Boomkat Product Review:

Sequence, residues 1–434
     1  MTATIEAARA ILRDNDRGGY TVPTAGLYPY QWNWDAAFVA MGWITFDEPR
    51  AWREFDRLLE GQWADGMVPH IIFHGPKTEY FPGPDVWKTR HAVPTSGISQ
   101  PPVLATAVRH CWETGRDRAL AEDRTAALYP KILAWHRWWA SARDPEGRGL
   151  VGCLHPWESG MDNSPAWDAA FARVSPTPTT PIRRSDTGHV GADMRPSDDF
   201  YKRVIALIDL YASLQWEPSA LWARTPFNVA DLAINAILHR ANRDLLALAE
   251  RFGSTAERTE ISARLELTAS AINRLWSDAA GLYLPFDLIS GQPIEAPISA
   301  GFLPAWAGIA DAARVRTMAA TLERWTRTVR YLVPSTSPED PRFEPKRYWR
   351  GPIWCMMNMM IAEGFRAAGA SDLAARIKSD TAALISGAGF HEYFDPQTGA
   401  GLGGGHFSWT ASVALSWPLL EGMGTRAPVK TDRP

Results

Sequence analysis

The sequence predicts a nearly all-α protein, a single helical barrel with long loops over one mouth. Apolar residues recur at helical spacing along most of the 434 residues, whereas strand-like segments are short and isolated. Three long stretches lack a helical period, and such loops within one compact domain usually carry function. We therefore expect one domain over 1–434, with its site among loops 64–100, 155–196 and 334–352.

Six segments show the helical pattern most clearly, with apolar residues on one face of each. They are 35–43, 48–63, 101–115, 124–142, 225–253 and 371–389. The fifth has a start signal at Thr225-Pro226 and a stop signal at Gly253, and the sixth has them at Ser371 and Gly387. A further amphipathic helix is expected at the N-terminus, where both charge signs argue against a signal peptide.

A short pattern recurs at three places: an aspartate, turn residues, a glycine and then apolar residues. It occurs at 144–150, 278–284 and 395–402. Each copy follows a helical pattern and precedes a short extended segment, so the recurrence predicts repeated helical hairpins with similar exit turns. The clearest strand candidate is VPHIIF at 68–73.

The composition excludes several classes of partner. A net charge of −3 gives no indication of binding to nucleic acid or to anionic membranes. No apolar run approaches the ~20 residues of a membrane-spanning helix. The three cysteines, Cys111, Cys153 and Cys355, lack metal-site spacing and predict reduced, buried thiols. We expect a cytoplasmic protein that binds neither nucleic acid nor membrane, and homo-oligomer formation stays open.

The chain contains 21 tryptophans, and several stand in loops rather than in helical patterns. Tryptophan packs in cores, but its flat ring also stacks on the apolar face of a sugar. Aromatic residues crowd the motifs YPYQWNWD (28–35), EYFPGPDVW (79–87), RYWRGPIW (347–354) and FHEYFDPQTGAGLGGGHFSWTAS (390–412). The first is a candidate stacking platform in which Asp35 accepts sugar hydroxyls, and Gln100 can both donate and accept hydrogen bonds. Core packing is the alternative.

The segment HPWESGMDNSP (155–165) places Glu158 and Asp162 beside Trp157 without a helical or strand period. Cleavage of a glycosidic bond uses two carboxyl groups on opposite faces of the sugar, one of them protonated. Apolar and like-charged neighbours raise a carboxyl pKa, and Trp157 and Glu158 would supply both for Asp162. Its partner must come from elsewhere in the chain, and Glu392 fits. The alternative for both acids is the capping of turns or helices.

A long-awaited sequel to Chan Marshall's The Covers Record, Jukebox finds everyone's favourite Chanel model tackling songs by Bob Dylan, Hank Williams, Billie Holliday, Janis Joplin and Joni Mitchell among others. As was the case with her version of '(I Can't Get No) Satisfaction' on her last covers LP, Marshall takes a pop culture classic and radically reconfigures it for her album opener (Sinatra's 'New York' in this case), which drifts into the gorgeous, reverberant tones of Hank Williams' 'Ramblin' (Wo)man'. The song is framed by deep shimmers of lead guitar, playing off against Marshall's incredible voice - which has probably never sounded so good. Significantly, you could argue that the two most successful recordings on the album are of Cat Power originals. The first is a new, piano-driven version of 'Metal Heart'. Having originally appeared as a career highlight on Moon Pix, the song is given a new lease of life as a powerful blues ballad. Certain die hard fans will insist that it's not as good as the original, but you'd have a hard time arguing this new interpretation isn't awesome in its own right. It features a wonderful performance not only from Marshall herself, but her band too, who are made up by indie rock royalty like Jim White and Judah Bauer. Bob Dylan has clearly always been a major influence on Cat Power's career: he gets a couple of nods on The Covers Record, and Marshall delivered an awesome impression of him on the I'm Not There soundtrack. Now, on Jukebox she tackles 'I Believe In You', but then goes even further, dedicating a new song of her own, 'Song To Bobby' to not-quite meeting the great man himself, and in so doing mimics Dylan's own writing brilliantly. While an entirely new Cat Power album would have been nice, there's undoubtedly something special about the way Chan Marshall tackles other people's music, and furthermore, her voice sounds just incredible on these recordings. ESSENTIAL PURCHASE.